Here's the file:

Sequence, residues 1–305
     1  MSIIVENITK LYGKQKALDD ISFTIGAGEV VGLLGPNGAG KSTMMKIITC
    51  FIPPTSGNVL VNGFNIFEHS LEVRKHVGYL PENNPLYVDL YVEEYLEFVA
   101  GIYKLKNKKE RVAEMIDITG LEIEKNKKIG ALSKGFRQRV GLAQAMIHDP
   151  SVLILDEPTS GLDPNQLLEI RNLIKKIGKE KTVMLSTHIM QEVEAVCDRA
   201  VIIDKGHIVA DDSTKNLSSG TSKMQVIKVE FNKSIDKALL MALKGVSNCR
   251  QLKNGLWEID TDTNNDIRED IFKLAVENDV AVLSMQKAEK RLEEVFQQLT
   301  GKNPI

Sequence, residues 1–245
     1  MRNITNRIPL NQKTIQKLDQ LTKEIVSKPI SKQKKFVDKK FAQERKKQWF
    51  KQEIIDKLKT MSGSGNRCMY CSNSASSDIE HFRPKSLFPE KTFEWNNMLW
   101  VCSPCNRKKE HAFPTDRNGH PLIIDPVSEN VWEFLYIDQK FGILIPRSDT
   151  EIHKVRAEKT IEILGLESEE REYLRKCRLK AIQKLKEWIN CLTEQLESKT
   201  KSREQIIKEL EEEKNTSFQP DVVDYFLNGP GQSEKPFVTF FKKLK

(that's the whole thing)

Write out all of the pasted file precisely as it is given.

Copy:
Sequence, residues 1–305
     1  MSIIVENITK LYGKQKALDD ISFTIGAGEV VGLLGPNGAG KSTMMKIITC
    51  FIPPTSGNVL VNGFNIFEHS LEVRKHVGYL PENNPLYVDL YVEEYLEFVA
   101  GIYKLKNKKE RVAEMIDITG LEIEKNKKIG ALSKGFRQRV GLAQAMIHDP
   151  SVLILDEPTS GLDPNQLLEI RNLIKKIGKE KTVMLSTHIM QEVEAVCDRA
   201  VIIDKGHIVA DDSTKNLSSG TSKMQVIKVE FNKSIDKALL MALKGVSNCR
   251  QLKNGLWEID TDTNNDIRED IFKLAVENDV AVLSMQKAEK RLEEVFQQLT
   301  GKNPI

Sequence, residues 1–245
     1  MRNITNRIPL NQKTIQKLDQ LTKEIVSKPI SKQKKFVDKK FAQERKKQWF
    51  KQEIIDKLKT MSGSGNRCMY CSNSASSDIE HFRPKSLFPE KTFEWNNMLW
   101  VCSPCNRKKE HAFPTDRNGH PLIIDPVSEN VWEFLYIDQK FGILIPRSDT
   151  EIHKVRAEKT IEILGLESEE REYLRKCRLK AIQKLKEWIN CLTEQLESKT
   201  KSREQIIKEL EEEKNTSFQP DVVDYFLNGP GQSEKPFVTF FKKLK